Grunge-rock luminaries Nirvana perform scorching homecoming concert for MTV at Seattle's historic Pier 48 along Elliott Bay on December 13, 1993.

  • By Peter Blecha
  • Posted 11/19/2014
  • Essay 10966
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On December 13, 1993, in a decrepit warehouse on Pier 48 along Seattle's Elliott Bay waterfront, beloved Seattle grunge-rock band Nirvana wows a select audience with 18 stellar songs that encompass the band's half-decade-long recording career. MTV crews videotape the show and it is broadcast later as the Live and Loud show on December 31, 1993, a New Year's Eve special. For the following 20 years many fans worldwide will buy and trade illicit bootleg VHS tapes and compact discs of the program, until the official Live and Loud DVD is finally released in 2013.

Sites and Sounds 

Nirvana was a rock 'n' roll band that originated in Aberdeen, Grays Harbor County, in the late 1980s. As the band-members developed their unique sound -- and moved around to Olympia, Tacoma, and eventually Seattle -- they built an enthusiastic following on a scene that already boasted popular young groups including Alice in Chains, Screaming Trees, Soundgarden, Malfunkshun, and Green River. Blending musical and fashion elements from the local heavy-metal and punk-rock realms, these and additional bands (Mother Love Bone, Mudhoney, and Pearl Jam) would eventually come to define what a worldwide audience would know as "grunge rock." And, for many fans, it was Nirvana that represented the artistic pinnacle of the scene, with the 1991 mega-hit "Smells Like Teen Spirit" from its second album, Nevermind.

In September 1993 the DGC label released Nirvana's third (and final) studio album In Utero and in October the band set out on its first American tour since 1991. One highlight was the band's stunning MTV Unplugged in New York gig on October 18, 1993. On that that program, as per its premise, the group -- guitarist/singer Kurt Cobain (1967-1994), bassist Krist Novoselic (b. 1965), and drummer Dave Grohl (b. 1969), accompanied by guitarist Pat Smear (b. 1959), cellist Lori Goldston (b. 1960), and guitarist Cris Kirkwood (b. 1960) -- performed a relatively mellow set of tunes with minimal amplification. Both Smear, who by then had joined the band, and Goldston would also play in the concert at Seattle's Pier 48.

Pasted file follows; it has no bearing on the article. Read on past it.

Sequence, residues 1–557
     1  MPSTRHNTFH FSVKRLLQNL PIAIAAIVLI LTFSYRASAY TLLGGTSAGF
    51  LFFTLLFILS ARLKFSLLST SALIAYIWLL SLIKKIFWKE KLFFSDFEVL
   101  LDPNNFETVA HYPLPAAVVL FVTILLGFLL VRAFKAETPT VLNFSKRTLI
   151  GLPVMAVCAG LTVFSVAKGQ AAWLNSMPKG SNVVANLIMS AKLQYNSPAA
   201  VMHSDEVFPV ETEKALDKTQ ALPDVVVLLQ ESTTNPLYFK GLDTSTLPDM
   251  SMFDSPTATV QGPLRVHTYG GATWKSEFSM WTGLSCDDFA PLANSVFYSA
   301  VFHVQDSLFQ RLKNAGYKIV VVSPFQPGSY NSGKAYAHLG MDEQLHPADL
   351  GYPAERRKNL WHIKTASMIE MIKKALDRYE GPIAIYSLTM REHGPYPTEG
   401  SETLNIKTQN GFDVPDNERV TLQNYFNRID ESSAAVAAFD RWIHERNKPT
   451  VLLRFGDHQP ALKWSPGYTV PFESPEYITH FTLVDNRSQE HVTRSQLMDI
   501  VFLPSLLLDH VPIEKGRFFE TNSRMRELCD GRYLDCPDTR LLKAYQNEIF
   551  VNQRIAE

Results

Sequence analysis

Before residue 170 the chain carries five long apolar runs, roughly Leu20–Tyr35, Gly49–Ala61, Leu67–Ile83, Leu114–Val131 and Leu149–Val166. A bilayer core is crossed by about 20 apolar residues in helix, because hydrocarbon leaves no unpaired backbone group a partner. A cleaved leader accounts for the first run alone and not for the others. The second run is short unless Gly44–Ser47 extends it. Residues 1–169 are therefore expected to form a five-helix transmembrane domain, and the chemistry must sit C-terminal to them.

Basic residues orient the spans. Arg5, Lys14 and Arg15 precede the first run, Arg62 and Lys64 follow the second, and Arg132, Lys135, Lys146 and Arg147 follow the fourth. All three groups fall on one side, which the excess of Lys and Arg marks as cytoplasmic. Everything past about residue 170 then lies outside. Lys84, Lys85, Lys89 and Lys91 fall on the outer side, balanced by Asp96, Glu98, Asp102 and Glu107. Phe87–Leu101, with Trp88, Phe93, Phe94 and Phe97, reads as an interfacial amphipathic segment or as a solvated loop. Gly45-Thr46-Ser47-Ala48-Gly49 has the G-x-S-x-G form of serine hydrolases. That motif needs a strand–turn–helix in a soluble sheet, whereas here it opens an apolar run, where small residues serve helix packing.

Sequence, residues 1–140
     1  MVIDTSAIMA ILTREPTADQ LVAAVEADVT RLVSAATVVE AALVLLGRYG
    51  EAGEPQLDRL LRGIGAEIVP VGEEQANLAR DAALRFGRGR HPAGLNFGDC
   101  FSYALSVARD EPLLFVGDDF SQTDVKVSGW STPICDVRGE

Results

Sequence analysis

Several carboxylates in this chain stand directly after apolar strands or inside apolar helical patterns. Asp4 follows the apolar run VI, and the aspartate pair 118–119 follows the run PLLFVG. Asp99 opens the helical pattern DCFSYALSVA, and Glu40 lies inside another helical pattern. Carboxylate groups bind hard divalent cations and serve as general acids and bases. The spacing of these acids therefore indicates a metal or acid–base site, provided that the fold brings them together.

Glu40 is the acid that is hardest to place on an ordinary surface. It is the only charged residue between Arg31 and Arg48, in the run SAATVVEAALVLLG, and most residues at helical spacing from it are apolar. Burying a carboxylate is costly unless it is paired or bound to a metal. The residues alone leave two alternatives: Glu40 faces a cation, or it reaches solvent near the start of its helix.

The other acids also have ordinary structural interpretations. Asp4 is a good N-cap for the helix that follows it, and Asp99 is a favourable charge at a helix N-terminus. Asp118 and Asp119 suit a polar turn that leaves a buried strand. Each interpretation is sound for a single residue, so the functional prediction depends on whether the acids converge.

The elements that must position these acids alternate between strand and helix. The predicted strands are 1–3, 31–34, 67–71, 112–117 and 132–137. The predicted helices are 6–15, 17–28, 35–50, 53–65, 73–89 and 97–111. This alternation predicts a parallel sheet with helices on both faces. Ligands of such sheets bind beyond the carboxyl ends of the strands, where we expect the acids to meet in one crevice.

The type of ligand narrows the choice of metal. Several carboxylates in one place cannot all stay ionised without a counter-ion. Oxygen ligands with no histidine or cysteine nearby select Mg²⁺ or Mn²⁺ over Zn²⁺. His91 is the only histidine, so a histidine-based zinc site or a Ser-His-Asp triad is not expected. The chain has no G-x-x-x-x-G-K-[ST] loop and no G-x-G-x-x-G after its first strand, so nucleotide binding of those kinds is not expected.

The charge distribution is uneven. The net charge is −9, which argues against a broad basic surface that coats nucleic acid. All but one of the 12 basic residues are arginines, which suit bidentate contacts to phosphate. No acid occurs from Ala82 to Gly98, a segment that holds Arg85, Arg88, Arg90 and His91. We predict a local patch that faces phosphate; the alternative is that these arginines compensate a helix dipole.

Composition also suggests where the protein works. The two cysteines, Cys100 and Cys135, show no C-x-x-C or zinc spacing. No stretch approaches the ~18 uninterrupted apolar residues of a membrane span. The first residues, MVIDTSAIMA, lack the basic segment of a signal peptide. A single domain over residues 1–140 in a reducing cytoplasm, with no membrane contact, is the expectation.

That show, two months later, would also be special as it was planned to showcase Pearl Jam and Nirvana, along with the California-based hip-hop group Cypress Hill and one of Cobain's favorite alternative bands, the Breeders. In addition, it would be videotaped live by MTV in a huge, cold, and aging 120,000-square-foot maritime warehouse on Pier 48, situated adjacent to the oldest part of downtown Seattle, just west of Pioneer Square. 

Pier 48 was located on Seattle's bustling waterfront at the foot of Main Street and on the site of Ballast Island (created in the 1800s when cargo ships dumped rocks and other material carried as ballast before loading up with lumber and other exports). By 1901 the spot was the site of the Pacific Coast Company's Pier B, and a bit later it also boasted a terminal for the Columbia and Puget Sound Railroad. In the 1930s, Pier 48 itself was constructed, and in subsequent decades the facility served as a cargo dock, then as a ferry terminal for the Alaska trade, and finally for cruise-ship travel to Vancouver, British Columbia, via the Princess Marguerite.  

The Sound-check  

On December 13, 1993 -- the day of the planned show -- Pearl Jam's singer Eddie Vedder (b. 1964) suddenly fell ill and the band had to cancel its appearance. Like a trouper, Nirvana's Kurt Cobain stepped up to the challenge. MTV director Beth McCarthy-Miller later recalled, "people were freaking out, and in the middle of all the panic, Kurt offered to play a longer set, and ... he was just, I think, in a zone; he couldn't have been more helpful and lovely to me; during sound check, he was just awesome, just asking 'Beth do you need more?'" (Montgomery).

 So that afternoon -- with their instruments and amps all set up on a stage (also festooned with Cobain's life-size angel-winged anatomical manikins, as previously featured on the In Utero album cover), and MTV audio and multi-camera video all set for testing -- Nirvana (Cobain, Novoselic, Grohl, and Smear) ran through a brief sound-check/rehearsal of ten songs, including "Very Ape" in which a playful Cobain banged away on Grohl's drums. "After the rehearsing, each member of the band was interviewed for MTV's" Past, Present, and Future program (Gaar, 116). Audio evidence reveals that the songs tested were:

  • "Very Ape"
  • "Radio Friendly Unit Shifter"
  • "Drain You"
  • "Breed"
  • "Serve the Servants" [plus two false starts]
  • "Rape Me"
  • "Sliver" [plus three false starts]
  • "Pennyroyal Tea"
  • "Scentless Apprentice"
  • "All Apologies"